|Lifespan||37 - 73|
|Medical Dart Resistance||106|
|Ground Fiber (m2)||2400|
Unlocked by retrieving the fossil from one of the following dig sites:
|Dig Sites||Fossil Size||Fossil Quantity||Locations||Requirements (Logistics)||Duration||Cost||Scientists (Max)|
|Hell Creek Formation B||1||1||North America | USA | Montana||6||04:00||$400,000||3|
|Lance Formation Site B||1||3||North America | USA | Wyoming||6||04:00||$400,000||3|
|Eggs||1 - 6|
|Genetic Mods (Max)||6|
The herbivorous dinosaur Triceratops is one of the largest ceratopsidae, at around 9m in length and weighing 12 tons. Notable for its large frill and the three horns on its head – which give rise to its name, which translates to ‘three-horned face – Triceratops’ diet consists mainly of ground level vegetation, although their size may have enabled them to knock over larger plants and trees to feed on.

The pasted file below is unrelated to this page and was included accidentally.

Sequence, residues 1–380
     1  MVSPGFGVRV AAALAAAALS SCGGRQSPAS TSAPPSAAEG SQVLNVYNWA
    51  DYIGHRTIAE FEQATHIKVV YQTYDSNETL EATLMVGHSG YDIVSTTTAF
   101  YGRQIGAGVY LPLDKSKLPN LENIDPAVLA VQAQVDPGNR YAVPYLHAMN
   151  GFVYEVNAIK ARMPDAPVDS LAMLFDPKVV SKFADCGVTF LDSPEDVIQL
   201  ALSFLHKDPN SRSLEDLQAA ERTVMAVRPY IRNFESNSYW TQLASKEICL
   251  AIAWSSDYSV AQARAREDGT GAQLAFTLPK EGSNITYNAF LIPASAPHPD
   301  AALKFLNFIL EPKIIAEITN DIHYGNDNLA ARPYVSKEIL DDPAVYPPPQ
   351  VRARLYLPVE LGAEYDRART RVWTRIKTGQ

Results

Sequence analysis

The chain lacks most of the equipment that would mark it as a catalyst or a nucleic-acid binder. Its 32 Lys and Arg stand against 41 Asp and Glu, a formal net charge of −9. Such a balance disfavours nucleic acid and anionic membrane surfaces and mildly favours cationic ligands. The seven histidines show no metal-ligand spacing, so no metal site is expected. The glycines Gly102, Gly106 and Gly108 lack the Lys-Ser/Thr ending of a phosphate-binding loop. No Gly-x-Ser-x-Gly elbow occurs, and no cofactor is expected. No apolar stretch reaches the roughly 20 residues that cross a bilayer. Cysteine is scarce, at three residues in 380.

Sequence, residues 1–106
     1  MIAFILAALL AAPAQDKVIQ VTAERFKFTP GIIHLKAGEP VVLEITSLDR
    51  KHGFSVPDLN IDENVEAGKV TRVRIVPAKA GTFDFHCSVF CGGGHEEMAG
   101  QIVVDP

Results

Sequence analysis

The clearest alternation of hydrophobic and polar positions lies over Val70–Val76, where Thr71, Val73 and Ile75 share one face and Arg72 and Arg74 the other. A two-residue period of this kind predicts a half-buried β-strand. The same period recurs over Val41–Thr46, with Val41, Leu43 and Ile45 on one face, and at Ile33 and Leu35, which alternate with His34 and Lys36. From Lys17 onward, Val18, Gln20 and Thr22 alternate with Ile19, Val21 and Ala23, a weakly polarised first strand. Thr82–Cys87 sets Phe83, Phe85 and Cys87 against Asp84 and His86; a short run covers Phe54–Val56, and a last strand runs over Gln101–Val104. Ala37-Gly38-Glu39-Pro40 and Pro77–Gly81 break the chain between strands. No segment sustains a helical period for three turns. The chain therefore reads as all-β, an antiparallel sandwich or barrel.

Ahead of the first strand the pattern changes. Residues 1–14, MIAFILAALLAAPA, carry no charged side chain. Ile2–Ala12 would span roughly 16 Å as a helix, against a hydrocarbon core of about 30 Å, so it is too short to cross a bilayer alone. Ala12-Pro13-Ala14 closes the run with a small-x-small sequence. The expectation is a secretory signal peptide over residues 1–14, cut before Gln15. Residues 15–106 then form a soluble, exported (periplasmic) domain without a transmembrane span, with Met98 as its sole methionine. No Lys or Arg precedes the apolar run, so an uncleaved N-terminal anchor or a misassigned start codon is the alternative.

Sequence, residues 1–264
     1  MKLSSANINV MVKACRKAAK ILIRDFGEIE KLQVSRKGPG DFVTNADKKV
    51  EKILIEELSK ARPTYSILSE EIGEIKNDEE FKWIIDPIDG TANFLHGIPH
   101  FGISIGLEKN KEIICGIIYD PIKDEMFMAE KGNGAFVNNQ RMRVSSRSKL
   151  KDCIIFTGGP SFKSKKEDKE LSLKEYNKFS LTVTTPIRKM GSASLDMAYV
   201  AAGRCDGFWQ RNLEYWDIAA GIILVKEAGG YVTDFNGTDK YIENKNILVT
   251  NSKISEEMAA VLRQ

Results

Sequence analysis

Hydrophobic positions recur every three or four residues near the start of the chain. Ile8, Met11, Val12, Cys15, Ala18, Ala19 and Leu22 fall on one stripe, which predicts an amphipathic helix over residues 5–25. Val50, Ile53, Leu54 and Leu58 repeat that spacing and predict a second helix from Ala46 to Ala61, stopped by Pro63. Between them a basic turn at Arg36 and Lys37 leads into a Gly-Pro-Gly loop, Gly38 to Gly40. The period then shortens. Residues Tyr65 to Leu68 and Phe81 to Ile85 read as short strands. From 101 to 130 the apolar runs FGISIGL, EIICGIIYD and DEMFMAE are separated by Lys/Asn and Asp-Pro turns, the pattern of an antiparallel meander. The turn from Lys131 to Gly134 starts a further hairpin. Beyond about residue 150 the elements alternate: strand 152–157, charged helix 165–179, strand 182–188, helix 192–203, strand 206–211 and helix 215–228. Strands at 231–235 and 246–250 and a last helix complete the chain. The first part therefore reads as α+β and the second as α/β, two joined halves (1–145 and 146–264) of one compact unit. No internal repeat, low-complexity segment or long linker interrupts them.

Triceratops was discovered in 1887, when George Lyman Cannon found a partial skull with two horns close to Denver, Colorado and sent the specimen to famous paleontologist Othniel Charles Marsh. The bones were initially considered to belong to a large bison but, two years later, Marsh realized that they belonged to a previously undiscovered genus of horned dinosaur, which he named Triceratops.
This genus lived in the United States approximately 66-68m years ago during the Late Cretaceous period, roaming the forests and plains where food was easy to find. Numerous dinosaurs co-existed in Triceratops’ environment, including Torosaurus, Ankylosaurus and Stygimoloch, while Triceratops needed its horns to defend itself from predators including Tyrannosaurus.